Friday, January 22, 2021

The Covid City Exodus

In the last few weeks I have read a number of reports estimating that the population of London has fallen by as much as 300,000 during the Covid epidemic. Part of this fall can be blamed on Brexit (many foreign-born workers have left the UK during the last year) however it is also widely believed that the rise of home working has encouraged many people to move out of the capital.

When people are not so tied to the office they may have become less keen to pay the higher costs associated with living in a city. During lock-down the social and cultural benefits of large cities have also largely disappeared and may have made the idea of rural living far more attractive. But is there any evidence for the anecdotal stories that many people are abandoning city living. One place to look for this evidence could be in the changing cost of rental properties in both urban and suburban locations.

There is certainly some evidence of this exodus from cities in Apartment List's National Rent Report. The report explores how rental prices rose and fell in American cities during 2020. The report shows that some of America's most expensive rental cities have seen a sharp drop in rents, while more affordable cities have seen a modest increase in rental prices. 

The National Rent Report interactive map illustrates the large drop in rents in cities such as New York, Los Angeles and Chicago. On the other hand a number of more traditionally affordable cities, such as Boise and Memphis have seen modest increases in rents over the duration of the Covid epidemic. 

AdvisorSmith has also been analyzing the trends in U.S. rents over the course of 2020. In Cities Where Rents Are Rising and Falling the Most the business insurance company lists and maps the ten cities where rents rose the most in 2020 and the ten cities where rents fell the most. 

San Francisco and Mountain View, California are both among the list of top 5 cities which have seen the largest fall in rents. Boston and New York are also in the top ten cities experiencing the largest rental decreases. AdvisorSmith note that these cities contain lots of professional and technical workers. Of whom many have taken to working from home during the epidemic.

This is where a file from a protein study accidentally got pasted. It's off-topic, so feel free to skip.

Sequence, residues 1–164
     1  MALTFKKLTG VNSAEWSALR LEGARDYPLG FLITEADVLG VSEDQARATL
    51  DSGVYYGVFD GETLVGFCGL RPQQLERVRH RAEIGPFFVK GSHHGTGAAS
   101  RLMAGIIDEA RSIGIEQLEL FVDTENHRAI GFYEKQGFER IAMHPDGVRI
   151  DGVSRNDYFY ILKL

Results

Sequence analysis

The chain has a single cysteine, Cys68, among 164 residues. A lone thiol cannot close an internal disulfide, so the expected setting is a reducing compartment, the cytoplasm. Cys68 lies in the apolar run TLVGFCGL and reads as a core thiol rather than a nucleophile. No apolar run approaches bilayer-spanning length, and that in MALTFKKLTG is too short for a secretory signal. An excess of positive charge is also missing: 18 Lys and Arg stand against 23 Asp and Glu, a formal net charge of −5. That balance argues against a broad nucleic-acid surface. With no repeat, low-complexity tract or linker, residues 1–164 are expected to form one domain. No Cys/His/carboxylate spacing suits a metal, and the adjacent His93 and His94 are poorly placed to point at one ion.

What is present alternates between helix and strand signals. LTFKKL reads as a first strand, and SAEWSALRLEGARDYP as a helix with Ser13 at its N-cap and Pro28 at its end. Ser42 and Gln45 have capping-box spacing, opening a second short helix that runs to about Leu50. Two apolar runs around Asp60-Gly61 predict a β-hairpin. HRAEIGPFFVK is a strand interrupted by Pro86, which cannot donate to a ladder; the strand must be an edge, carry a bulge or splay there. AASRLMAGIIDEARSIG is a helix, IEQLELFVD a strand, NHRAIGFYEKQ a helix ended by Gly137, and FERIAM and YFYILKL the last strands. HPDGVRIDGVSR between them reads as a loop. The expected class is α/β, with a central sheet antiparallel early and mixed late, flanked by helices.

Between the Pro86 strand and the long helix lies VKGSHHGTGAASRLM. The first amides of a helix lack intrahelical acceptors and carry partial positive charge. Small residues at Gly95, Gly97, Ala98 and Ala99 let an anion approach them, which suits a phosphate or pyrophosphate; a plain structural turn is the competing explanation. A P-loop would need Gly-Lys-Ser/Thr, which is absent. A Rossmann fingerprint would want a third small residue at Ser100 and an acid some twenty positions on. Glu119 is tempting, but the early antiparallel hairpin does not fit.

It does appear from the rise and fall in city average rents that many people have taken the opportunity to move further from the office to somewhere with cheaper rents. It may not be as simple as saying that many people are moving out of cities because of Covid. Not all workers are able to work from home and not everybody can easily move homes. It will be interesting to note over the next few years whether working from home becomes more common and more widely accepted and whether this leads to a fall in the number of people living in our largest cities. 

1 comment:

Anonymous said...

We have a neighbor who commutes on a weekly basis from LA to San Jose for work or did before COVID. I wonder if people like her have just dropped the rented apartment because they are working from home. The weekly commute is not a new phenomena, although I would suspect it has grown. When aerospace was bigger in LA many jobs moved with the programs (such as a new airplaine or radar system) and the employees usually just sucked up the commute rather than move for a few years. A friend rented a room mid-week to such a person.

PS reCAPTHA IS OBNOXIOUS, and it shows up after one has finished writing. I wouldn't bother to write if I knew ahead of time.